I love a good name rant, so I eagerly clicked on a Twitter link to this Gigi's Closet post about real-life baby-naming WTFery. Of course it got my head spinning, so please permit me a fresh curmudgeoning on the topic of character monickers.
I've been reading the voicetastical Kristan Higgins' Too Good To Be True, and the name of its [rowwwrrrr] hero is Callahan O'Shea. For realz?! But although normally such a name would propel my arm to launch the book clear across the room, this time it didn't. This is solely because of the heroine's reaction to the name—she's as agog at its over-the-topness as I am, as the reader. It also works because the heroine has a troublesome habit of inventing boyfriends, and giving the hero a fake-boyfriendworthy name like Callahan O'Shea completely reinforces that theme.
Pulling off a wacky or cutesy or über manful character name is all in the believability. Higgins did this again in All I Ever Wanted, when she named her heroine Calliope, of all gaggably adorable things. But Higgins is good—the wackadoo name and its reference make sense when you meet the heroine's parents.
As I've said before, the first place I turn when I need to figure out my characters' names (which I do very early on—the name for me often comes before the personality, even) is this site, where you can view the top 1,000 [American] baby names by decade. I head to the decade my character was born and pick from the top 200.
I know, I know…it sounds so boring, so willfully, joylessly realistic. It's my book! I could make up any name I like! But that's not my scene. My characters, and my heroes in particular, tend to skew a bit, well, nuts. They're weird enough on their own. A special name would be overkill. Plus I get the specialness fix by writing foreign heroes on occasion—Maxence, Rasul, Rory, Didier, Ian, Reece. All fairly common names in their respective cultures, but I still get to indulge my inner writerly impulse to extra-specialify my characters. I've also done the same with surnames-as-nicknames. Flynn, Pike, Mac, Daisey, Ty… Atypical names work best (in my noisy opinion, anyhow) when they're made believable in the face of their oddness.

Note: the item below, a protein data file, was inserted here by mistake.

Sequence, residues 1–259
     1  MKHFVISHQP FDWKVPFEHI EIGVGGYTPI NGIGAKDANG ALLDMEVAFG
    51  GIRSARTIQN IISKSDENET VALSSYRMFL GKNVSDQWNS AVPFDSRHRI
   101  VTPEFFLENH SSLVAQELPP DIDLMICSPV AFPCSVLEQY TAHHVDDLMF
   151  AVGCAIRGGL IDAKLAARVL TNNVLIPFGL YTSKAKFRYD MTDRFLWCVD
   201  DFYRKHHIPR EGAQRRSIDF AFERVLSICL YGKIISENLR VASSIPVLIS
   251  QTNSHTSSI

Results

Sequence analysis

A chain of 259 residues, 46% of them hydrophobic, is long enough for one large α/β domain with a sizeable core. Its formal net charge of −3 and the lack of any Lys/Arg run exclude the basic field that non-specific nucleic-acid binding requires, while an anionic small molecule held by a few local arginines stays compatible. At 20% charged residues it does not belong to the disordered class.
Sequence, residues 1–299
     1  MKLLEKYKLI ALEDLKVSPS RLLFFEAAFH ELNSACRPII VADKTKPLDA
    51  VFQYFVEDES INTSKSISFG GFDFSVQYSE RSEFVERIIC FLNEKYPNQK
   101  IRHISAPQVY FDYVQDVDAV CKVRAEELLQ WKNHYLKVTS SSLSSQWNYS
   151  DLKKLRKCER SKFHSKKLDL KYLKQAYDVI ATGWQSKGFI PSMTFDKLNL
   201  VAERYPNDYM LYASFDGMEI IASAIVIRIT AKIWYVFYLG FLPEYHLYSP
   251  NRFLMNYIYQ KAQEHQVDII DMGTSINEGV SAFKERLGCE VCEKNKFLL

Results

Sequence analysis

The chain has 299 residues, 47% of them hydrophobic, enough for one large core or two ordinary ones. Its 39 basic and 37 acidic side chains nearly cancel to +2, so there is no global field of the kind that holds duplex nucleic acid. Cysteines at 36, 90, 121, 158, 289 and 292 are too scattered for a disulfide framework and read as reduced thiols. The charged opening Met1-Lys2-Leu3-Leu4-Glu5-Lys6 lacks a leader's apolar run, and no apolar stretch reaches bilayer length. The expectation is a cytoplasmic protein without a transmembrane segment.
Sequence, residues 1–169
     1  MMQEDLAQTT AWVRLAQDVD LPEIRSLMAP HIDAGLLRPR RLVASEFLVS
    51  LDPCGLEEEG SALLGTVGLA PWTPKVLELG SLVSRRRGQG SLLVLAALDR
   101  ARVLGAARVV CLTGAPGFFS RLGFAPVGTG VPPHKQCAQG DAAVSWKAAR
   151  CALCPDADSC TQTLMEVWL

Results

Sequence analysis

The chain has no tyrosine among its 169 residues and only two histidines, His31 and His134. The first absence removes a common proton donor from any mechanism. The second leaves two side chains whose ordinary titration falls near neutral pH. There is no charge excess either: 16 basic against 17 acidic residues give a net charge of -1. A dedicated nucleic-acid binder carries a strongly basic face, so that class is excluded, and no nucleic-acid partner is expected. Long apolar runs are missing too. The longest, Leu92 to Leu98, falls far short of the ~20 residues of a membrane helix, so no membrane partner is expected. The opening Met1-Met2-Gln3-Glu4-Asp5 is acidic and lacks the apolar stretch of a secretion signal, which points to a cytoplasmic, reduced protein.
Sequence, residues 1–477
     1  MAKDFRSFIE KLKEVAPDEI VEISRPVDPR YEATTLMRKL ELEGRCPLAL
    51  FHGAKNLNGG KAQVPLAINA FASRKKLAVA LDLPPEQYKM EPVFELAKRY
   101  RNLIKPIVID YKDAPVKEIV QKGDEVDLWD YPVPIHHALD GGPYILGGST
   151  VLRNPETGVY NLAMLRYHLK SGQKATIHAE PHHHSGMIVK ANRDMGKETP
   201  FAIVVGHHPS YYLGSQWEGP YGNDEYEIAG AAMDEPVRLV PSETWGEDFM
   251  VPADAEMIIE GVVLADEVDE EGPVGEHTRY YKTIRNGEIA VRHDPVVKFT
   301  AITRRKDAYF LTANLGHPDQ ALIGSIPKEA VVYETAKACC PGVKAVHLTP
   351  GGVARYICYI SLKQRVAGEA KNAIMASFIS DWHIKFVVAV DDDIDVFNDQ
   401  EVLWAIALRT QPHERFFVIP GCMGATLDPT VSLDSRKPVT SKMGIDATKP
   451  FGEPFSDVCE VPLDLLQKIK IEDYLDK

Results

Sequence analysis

In my evil conjoined erotica-writing twin's latest manuscript, the heroine ended up with a weird name, which was not my intention. She's a pretty quiet, conservative character (despite the fact that the story centers around her deciding to lose her virginity to a Parisian male prostitute) and I'd expected to name her something like, I don't know…Anne, maybe. A safe, simple name for a cautious, no-frills character. But she ended up getting named Caroly. The name fell right off my fingertips without me really thinking about it, because sometimes names just present themselves. And in the end it worked, because the next words that plopped onto the page told me why:
“Good evening. You’re Carolyn?”
I managed to say, “I am.” My name is in fact Caroly, a misspelling on my grandmother’s prospective baby name list that my mother found exceedingly fetching; no sympathy for her daughter, doomed to be addressed as Carol or Carolyn for the rest of her days. And because of how Caroline is pronounced in France—Caroleen—nobody here ever gets my name right when I introduce myself. But that’s fair, considering how badly I mangle their entire language every time I open my mouth.
So I'm not immune to the weird-ass character name impulse, as harshly as I judge it. And from the Higgins examples above, I'll admit I'm not a true stone-cold bitch about it in others' work. But there's got to be an reason for a weird name. Fine, christen your thirty-year-old contemporary hero Greyson or Rayvyn or Chance McO'FitzFlannahan, but you better clue me in to what in the heck his parents were thinking. Or smoking.
To reiterate what I've said before—your characters are special enough on their own. Or in other words, tossing glitter on a perfectly delicious cupcake doesn't actually improve the thing.